The work aims to improve malaria surveillance and thus help health authorities reduce malaria. The study will enhance locally relevant evidence-based initiatives and inform Ethiopia’s malaria prevention and control efforts.
The local Ministry of Health and Hawassa University researchers collaborate on the project. Dr Tarekegn Solomon from Hawassa University is the lead investigator, and PhD students Misganu Endriyas and Teka Samuel from the Ministry of Health. Dr Taye Gari and Professor Bernt Lindtjørn are researchers.
Data collectors’ practical training is shown below.
A few days ago, the Malaria research group in Arba Minch met with the official community leaders. They had a stimulating conversation with the chairman and officials of 14 kebeles, representatives from the two district agricultural and human health offices, officials from the zonal health and agriculture department, and managers of the health centres. There were 23 people present during the meeting. The leaders advised that further consultations should include neighbourhood organisations and religious leaders, which will be done in the coming weeks.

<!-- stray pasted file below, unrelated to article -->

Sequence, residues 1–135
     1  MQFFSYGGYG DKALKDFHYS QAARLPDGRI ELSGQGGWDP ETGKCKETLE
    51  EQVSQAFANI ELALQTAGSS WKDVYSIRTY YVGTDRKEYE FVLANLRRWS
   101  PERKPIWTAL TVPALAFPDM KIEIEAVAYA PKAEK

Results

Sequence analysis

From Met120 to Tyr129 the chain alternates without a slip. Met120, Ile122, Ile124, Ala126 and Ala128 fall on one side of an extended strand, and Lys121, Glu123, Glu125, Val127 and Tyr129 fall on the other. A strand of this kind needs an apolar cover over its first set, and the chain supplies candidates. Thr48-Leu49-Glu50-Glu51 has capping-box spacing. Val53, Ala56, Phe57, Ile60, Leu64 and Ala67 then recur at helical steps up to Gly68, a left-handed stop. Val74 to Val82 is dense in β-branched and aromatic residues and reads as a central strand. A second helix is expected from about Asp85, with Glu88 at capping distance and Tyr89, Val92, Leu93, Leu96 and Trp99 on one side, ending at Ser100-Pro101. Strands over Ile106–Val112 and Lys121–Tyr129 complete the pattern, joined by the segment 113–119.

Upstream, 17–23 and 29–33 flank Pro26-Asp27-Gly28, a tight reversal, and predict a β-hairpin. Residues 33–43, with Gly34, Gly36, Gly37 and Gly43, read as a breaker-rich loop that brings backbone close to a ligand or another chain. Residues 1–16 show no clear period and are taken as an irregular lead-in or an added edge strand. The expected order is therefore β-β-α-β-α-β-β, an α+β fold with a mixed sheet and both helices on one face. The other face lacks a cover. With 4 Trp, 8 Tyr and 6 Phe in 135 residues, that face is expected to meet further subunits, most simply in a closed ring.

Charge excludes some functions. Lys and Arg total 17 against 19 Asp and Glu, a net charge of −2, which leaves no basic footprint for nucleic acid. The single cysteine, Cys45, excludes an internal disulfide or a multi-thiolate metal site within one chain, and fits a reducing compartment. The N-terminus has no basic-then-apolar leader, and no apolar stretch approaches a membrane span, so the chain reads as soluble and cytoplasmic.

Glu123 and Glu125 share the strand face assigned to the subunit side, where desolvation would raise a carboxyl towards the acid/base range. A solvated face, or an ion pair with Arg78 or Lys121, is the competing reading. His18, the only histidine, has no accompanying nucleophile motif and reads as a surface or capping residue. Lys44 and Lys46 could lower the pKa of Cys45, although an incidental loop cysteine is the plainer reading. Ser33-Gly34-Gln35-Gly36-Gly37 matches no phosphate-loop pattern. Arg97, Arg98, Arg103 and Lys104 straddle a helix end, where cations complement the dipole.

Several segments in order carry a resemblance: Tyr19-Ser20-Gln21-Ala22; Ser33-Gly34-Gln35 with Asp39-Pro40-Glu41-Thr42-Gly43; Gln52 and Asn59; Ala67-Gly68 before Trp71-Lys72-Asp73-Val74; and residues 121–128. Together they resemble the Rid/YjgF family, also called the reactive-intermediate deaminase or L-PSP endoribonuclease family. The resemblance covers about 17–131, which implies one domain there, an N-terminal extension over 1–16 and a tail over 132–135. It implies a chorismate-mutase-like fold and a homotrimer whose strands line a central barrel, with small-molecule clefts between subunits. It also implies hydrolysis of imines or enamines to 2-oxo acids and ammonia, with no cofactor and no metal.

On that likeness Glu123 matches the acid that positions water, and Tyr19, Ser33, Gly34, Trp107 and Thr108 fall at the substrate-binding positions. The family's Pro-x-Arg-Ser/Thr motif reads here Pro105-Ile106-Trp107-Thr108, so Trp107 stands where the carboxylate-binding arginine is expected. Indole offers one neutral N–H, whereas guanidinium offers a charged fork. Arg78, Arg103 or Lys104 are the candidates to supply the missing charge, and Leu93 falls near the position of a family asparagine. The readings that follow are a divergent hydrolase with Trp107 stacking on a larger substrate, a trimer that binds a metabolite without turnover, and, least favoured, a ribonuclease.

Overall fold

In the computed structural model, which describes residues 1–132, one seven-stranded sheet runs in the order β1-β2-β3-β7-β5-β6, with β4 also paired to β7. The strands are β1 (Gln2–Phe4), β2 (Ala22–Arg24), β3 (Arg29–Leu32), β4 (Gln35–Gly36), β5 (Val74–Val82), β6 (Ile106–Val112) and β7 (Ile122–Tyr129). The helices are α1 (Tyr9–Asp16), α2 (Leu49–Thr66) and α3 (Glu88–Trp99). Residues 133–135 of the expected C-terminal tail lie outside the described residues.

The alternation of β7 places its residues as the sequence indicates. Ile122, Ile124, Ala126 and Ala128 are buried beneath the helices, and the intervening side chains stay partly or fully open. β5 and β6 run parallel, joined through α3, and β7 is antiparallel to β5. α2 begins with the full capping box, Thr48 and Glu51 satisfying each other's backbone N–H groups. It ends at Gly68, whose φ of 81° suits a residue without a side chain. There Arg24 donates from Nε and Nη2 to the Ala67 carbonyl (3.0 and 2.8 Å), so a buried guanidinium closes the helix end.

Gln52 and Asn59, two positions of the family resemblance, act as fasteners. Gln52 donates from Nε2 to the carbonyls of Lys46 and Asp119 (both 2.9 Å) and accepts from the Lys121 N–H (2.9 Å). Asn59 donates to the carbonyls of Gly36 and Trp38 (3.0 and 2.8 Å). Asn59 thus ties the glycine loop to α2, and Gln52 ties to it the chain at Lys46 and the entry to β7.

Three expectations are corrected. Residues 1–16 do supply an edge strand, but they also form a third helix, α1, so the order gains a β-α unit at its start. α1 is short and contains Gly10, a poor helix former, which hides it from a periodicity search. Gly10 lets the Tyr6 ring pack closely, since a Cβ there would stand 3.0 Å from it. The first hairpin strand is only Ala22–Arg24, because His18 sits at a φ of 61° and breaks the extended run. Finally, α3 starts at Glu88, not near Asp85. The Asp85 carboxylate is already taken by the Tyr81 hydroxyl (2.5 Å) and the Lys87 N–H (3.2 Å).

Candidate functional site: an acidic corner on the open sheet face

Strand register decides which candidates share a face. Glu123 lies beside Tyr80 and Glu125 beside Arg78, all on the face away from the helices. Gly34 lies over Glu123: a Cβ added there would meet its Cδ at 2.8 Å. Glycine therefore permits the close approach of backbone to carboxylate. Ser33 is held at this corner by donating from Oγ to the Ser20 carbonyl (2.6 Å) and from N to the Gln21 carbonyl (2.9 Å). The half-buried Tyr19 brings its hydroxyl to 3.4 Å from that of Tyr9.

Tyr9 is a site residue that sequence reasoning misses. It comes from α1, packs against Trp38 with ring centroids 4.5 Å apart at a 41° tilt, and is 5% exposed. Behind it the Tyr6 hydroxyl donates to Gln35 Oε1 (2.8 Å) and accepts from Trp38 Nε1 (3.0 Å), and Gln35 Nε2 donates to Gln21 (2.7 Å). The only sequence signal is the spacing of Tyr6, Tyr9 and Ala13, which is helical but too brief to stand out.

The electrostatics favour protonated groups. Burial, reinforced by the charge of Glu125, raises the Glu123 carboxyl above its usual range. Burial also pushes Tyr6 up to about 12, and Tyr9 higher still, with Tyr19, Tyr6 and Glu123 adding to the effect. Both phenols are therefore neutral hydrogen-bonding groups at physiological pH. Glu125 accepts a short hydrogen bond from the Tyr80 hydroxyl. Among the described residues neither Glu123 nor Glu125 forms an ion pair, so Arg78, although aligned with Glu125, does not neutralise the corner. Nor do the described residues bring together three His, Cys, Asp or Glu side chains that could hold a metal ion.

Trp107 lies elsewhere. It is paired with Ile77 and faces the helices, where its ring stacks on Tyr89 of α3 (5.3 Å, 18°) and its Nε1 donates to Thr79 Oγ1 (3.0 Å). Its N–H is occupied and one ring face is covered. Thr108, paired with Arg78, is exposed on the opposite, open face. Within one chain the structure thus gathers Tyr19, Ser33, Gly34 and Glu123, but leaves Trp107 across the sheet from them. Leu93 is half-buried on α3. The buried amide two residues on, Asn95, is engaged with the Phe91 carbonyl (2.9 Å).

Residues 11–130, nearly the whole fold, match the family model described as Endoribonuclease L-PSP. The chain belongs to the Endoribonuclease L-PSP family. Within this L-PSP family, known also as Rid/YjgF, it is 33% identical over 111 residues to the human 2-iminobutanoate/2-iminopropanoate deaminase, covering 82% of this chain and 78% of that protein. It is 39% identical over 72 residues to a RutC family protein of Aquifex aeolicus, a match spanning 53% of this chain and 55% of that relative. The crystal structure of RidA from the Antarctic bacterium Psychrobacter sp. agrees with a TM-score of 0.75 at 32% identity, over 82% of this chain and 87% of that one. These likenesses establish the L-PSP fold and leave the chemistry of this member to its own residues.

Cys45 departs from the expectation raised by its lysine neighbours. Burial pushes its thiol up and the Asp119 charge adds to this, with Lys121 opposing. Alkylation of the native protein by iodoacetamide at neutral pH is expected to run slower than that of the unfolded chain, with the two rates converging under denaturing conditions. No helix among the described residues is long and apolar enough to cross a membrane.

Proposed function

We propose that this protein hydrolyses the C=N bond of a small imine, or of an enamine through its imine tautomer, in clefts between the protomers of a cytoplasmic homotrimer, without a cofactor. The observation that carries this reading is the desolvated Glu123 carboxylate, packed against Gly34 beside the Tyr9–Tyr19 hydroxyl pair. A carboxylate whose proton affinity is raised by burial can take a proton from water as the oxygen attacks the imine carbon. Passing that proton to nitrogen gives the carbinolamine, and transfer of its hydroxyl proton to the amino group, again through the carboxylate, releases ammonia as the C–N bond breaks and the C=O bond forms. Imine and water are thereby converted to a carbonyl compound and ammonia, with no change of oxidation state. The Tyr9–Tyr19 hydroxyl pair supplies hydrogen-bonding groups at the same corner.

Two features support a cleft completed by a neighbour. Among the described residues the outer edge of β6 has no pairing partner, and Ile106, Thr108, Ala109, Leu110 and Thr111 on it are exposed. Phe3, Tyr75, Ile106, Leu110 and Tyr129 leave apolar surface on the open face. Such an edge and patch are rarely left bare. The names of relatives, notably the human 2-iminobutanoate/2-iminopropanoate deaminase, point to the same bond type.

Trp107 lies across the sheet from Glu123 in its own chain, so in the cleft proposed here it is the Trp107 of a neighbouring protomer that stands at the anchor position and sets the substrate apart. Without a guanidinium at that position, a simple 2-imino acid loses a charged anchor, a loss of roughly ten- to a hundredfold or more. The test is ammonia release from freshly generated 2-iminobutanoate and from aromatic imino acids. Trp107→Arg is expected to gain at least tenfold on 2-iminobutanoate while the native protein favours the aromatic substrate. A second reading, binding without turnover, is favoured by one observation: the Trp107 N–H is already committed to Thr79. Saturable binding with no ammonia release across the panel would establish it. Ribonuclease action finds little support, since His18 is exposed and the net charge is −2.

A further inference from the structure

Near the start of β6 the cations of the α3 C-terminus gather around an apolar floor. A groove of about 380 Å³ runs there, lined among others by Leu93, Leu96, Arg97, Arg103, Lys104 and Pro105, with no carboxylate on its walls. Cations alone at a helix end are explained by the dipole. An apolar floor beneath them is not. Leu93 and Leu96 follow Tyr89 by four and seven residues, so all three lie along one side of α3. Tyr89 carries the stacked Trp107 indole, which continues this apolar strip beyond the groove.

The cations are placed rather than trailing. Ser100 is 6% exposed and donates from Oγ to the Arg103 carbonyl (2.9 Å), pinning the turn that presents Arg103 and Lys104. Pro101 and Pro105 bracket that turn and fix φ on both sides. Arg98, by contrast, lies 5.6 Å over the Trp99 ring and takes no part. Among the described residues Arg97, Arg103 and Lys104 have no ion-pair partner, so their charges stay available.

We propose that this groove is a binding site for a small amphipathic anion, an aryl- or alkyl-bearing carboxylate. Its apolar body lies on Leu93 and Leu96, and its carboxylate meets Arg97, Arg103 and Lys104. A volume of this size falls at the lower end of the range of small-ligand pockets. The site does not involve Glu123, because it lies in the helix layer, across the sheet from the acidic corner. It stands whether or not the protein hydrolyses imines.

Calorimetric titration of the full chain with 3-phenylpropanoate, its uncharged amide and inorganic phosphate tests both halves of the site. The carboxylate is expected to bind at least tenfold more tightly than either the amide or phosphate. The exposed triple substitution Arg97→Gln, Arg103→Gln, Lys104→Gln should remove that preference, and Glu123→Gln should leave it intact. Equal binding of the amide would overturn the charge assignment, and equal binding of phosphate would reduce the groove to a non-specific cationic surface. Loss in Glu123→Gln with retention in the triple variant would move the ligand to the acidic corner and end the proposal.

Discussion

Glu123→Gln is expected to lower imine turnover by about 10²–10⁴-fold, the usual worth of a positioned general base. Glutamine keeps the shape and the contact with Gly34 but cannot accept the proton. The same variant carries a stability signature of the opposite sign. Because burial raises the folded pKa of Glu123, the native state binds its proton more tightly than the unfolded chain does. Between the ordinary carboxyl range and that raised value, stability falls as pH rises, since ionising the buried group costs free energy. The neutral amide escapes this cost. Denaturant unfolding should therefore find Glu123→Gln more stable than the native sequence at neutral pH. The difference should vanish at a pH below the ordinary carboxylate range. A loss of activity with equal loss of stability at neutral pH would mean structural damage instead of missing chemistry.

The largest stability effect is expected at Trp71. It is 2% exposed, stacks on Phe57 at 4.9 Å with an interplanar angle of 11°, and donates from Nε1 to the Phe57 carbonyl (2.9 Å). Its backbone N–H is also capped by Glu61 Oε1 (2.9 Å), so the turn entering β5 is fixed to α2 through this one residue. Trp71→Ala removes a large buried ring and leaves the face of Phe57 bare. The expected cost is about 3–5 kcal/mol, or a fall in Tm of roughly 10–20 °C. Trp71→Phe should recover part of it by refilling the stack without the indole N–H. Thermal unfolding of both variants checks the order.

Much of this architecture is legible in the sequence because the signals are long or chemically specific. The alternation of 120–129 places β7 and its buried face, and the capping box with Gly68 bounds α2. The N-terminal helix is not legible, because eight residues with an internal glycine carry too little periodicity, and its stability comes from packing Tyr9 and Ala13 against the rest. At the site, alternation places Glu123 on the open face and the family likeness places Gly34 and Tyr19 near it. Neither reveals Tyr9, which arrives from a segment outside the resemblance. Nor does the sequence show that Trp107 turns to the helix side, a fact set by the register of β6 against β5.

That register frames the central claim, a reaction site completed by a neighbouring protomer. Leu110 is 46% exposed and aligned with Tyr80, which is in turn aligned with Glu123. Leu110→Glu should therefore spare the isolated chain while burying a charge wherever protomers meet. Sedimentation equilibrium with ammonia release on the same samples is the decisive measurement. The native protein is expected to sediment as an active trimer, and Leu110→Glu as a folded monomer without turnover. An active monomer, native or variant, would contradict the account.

We are currently working on updating the website by adding information from each of the participating institutions.
Furthermore, a summary of the PhD students’ research will be presented here.
Recently the scientific journal Nature wrote about Split or Joint PhD degrees to build African research capacity.
Our collaboration between the University of Bergen and Hawassa University was used as one example of such a capacity-building exercise.